Capture Cards – CompTIA A+ 220-1101 – 1.17

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Capture Cards – CompTIA A+ 220-1101 – 1.17
Let’s have a look at capture cards.

Capture Cards
A capture card essentially captures a feed of images. A capture card may also capture audio as well; however, technically it does not need to capture audio but most do. Essentially, the way a capture card works is that a video adapter will output a feed of images which goes to the capture card.

Although the term capture card will often be used, a lot of these devices nowadays are external devices and technically not an expansion card. In many cases, these devices will connect to the computer using USB. I personally prefer the external devices, as if something goes wrong, I can disconnect the device and plug it back in, essentially turning it off and on again. With an internal capture card, if something goes wrong, you will need to shut down or reboot the computer which is more of an inconvenience. For this video, I will be referring to all capture devices as video capture cards.

A video feed contains a series of images which results in a lot of data. For this reason, a capture card needs to have hardware real-time encoding, that is, compression to make the data a more manageable size.

Real-time means the capture card needs to output compressed data at the same speed as it is receiving compressed data. Since the compression is done in real-time, the output file tends to be larger than if you don’t use a real-time compressor. Generally, hardware is excellent at compressing video in real-time over what a CPU can achieve; however, it is still limited in the results it can achieve. You can only achieve so much if you want to maintain real-time compression. The amount of video frames you receive must match the number you output, otherwise the capture card will start dropping frames which will cause the video to look glitchy when you play it back.

Once the video is compressed, it is generally sent to a file or to a stream – a file is simply saved to local storage. Generally, it is not recommended to save the file over the network, as if the network has performance problems this may cause frames to be lost.

If you output the data to a stream, this is essentially sending it somewhere else. Nowadays, this often means an online streaming service which will broadcast it to others on the internet.

This basically covers what you need to know for the exam. For the rest of the video, I will have a closer look at capture cards, so you have a better understanding of what is available and what you may need if you decide to purchase one or have to support one.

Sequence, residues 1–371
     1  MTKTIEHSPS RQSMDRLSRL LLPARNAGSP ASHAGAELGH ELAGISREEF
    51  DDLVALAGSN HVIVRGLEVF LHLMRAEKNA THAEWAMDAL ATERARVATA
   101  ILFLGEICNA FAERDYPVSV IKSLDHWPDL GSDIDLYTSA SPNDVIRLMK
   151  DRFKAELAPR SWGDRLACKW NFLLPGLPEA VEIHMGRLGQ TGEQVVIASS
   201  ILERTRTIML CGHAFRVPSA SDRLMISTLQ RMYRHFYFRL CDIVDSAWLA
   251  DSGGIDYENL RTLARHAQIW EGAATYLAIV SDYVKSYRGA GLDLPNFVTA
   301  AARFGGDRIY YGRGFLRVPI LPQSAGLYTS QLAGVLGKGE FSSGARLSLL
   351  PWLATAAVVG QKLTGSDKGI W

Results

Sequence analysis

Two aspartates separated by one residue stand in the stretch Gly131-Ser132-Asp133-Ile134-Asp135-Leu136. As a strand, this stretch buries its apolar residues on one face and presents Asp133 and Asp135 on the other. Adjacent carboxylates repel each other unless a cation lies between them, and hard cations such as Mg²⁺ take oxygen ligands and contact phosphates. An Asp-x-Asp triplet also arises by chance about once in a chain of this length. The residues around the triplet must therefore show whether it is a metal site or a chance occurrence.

Passthrough Capture Cards
One of the considerations when purchasing a capture card is if it has passthrough or not. Video capture cards with passthrough have both an input and an output port. Thus, the input will go to your device producing the video you want to capture, for example, a device like a computer or a game console. The output will go to your monitor or TV. Since the video is essentially transferred through unaltered, it is referred to as passthrough. Therefore, the video signal passes through the device and the capture card captures the signal as it goes through it.

The other option is no passthrough. These capture devices only have an input connector. In some cases, this may be all that you need. For example, if you have a video camera that can’t be used as a webcam (however, it does have a video out), you can plug your video camera output into a capture device like this one and it will convert the signal to USB so you can use the video camera as a webcam. In some cases, you may need to capture the video and also display the video on a device like a monitor. If your capture device does not have passthrough, there is another option.

If your capture card does not have passthrough you can, in addition, use a splitter. A splitter essentially divides the signal into two. One connection goes to the capture card and the other to your display device.

There are a number of different types of splitters on the market. The most basic, and also cheapest, is a passive splitter. These splitters don’t have power, so they essentially halve the signal strength as it goes through the cable. This makes them less reliable and they won’t support higher resolutions.